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It's well-known/documented that you can construct the vertices of a regular dodecahedron from the following Cartesian coordinates (with appropriate rotation/scaling):

$(±1, ±1, ±1)\\ (0, ±\varphi, ±\frac{1}{\varphi})\\ (±\frac{1}{\varphi}, 0, ±\varphi)\\ (±\varphi, ±\frac{1}{\varphi}, 0)$

It's also well-known that you can construct the regular icosahedron in spherical coordinates with one point at each of the latitudes $±\pi/2$, and 5 points at each of the latitudes $±\arctan(1/2)$, rotationally symmetric except with the top and bottom hemispheres offset by $\pi/5$ radians.

Since the icosahedron and dodecahedron are duals of each other, this approach clearly should extend to the dodecahedron. For two different latitudes $±x$ and $±y$, each will have 5 vertices evenly spaced around them, for a total of the 20 vertices. The upper hemisphere will be offset in longitude $\pi/5$ from the lower hemisphere. The question is, what are $x$ and $y$?

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The orientation of the dodecahedron in Cartesian coordinates you cite is of course not the same as the orientation that would be produced by taking the dual of the icosahedron in spherical coordinates.

The desired latitude angles are, $$\pm \tan^{-1} \frac{3-\sqrt{5}}{4}, \quad \pm \tan^{-1} \frac{3+\sqrt{5}}{4}.$$ Equivalently, these are $$\pm \cot^{-1} (3 + \sqrt{5}), \quad \pm \cot^{-1} (3 - \sqrt{5}).$$ The computation is rather tedious to derive from the spherical coordinates of the icosahedron, but the way to do it is to observe that the centroid of an icosahedral face may be computed as the average of its three vertices in Cartesian coordinates, and after converting this to spherical coordinates, ignore the radius and longitudinal angle.

So instead of doing such a calculation, it may be better to use the Cartesian coordinates for the dodecahedron that you cited. Specifically, we want to calculate the angle at the origin between the centroid of a dodecahedral face to any of its vertices. If we call this angle $\alpha$, then $\pi/2 - \alpha$ will be the more extreme latitude of the two pairs of five vertices. Then if we calculate the angle at the origin between any two adjacent vertices, and call this $\beta$, then $\pi/2 - (\alpha + \beta)$ will be the less extreme latitude of the two pairs. Since for your given coordinates the dodecahedral circumradius is $R = \sqrt{3}$, in my opinion these calculations are much more tractable than the first approach.

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  • $\begingroup$ Great! I did in fact take the "tedious" approach of calculating the centroid of an icosahedronal face from the spherical coordinates, and got arctan((3+sqrt(5))/4), but then I tried to double-check it by computing the dot-product of the midpoint of the centroid of a dodecahedron face with one of its vertices, and got something totally different. I must have made a mistake somewhere, but it made me doubt my approach. $\endgroup$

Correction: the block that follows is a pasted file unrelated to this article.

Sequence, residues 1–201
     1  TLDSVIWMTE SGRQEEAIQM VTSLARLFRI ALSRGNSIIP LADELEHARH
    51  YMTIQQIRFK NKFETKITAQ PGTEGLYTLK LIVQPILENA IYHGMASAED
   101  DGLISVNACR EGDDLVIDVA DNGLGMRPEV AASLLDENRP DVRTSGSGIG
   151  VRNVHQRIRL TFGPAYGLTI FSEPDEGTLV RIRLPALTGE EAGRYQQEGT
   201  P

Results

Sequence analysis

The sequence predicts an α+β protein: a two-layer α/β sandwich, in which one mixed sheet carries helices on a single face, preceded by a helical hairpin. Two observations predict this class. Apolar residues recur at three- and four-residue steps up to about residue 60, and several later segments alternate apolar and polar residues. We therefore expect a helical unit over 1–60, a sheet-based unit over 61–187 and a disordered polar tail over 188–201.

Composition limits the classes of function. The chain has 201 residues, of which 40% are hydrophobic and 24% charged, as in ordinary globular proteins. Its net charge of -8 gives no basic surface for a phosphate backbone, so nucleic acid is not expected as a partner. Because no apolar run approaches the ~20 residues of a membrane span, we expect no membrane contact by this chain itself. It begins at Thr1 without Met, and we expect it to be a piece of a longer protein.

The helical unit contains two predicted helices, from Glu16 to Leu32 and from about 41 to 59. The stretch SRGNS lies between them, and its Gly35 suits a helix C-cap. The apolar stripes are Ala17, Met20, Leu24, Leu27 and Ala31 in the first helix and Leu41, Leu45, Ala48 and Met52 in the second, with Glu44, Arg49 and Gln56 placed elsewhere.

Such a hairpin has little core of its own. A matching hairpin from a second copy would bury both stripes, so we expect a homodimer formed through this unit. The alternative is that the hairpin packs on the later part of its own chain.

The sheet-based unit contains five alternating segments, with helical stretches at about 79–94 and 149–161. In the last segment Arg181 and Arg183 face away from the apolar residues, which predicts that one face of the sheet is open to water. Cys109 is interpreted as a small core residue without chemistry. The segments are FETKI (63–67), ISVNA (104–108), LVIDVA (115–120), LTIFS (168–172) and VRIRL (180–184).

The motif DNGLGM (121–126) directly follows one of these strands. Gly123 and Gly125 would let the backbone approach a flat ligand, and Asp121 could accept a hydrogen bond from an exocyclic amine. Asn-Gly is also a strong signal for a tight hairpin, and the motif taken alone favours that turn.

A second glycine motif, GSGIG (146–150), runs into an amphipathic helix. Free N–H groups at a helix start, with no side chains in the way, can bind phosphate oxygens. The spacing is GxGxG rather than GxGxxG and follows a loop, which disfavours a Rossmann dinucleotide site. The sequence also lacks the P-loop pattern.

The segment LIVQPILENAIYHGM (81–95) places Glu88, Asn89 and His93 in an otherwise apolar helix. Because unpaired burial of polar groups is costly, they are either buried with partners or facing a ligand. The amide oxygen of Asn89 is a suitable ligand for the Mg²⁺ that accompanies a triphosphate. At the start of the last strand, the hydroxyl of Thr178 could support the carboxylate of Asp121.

– D0SBoots
    Sep 16 '20 at 0:49
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The dodecahedron's vertices are partitioned into 4 groups of 5, each of which forms a regular pentagon. We have two pentagonal faces, whose edges are the edges of the dodecahedron, and two "diagonal pentagons" whose edges are the edges of an inscribed cube.

If we take Euclid's construction, the inscribed cube has edge length 2, the pentagonal faces have side length $\sqrt5-1$, and the circumradius is $\sqrt3$.

Then, the circumradii of the two pentagons are $\frac{\sqrt{5}-1}{2\sin(\pi/5)}$ and $\frac{2}{2\sin(\pi/5)}$, corresponding to latitudes: $$x = \arccos(\frac{\sqrt{5}-1}{2\sqrt{3}\sin(\pi/5)})$$ $$y = \arccos(\frac{2}{2\sqrt{3}\sin(\pi/5)})$$

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  • $\begingroup$ Validated that these do line up with the arctan-based formulas, although simplifying them down is a pain... $\endgroup$
    – D0SBoots
    Sep 16 '20 at 1:04
  • $\begingroup$ If it helps, these are essentially the same 4 planes as for the dual icosahedron (rotated a bit). See the gif on wikipedia: en.wikipedia.org/wiki/… $\endgroup$ Sep 16 '20 at 1:17
  • $\begingroup$ The existence of the four planes is relatively obvious, it's their exact location that is tricky. :) $\endgroup$
    – D0SBoots
    Sep 16 '20 at 1:30
  • $\begingroup$ Right, what I meant was that another approach is just to take the latitudes you have for the icosahedron and rotate them all to get the latitudes for the dodecahedron. $\endgroup$ Sep 16 '20 at 1:57
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    $\begingroup$ Ah, I get what you're saying now. You're not rotating the latitudes themselves (because the latitudes define planes or circles, depending on which object you're talking about), but rather rotating a set of model points chosen from those latitudes, which is basically equivalent to saying "take the vertices of the icosahedron, line them up along a line of longitude, and rotate by a certain amount." This works, again, because of the dual relationship between the dodecahedron and the icosahedron, in particular that the face-vertex central angle is the same. $\endgroup$
    – D0SBoots
    Sep 16 '20 at 2:46

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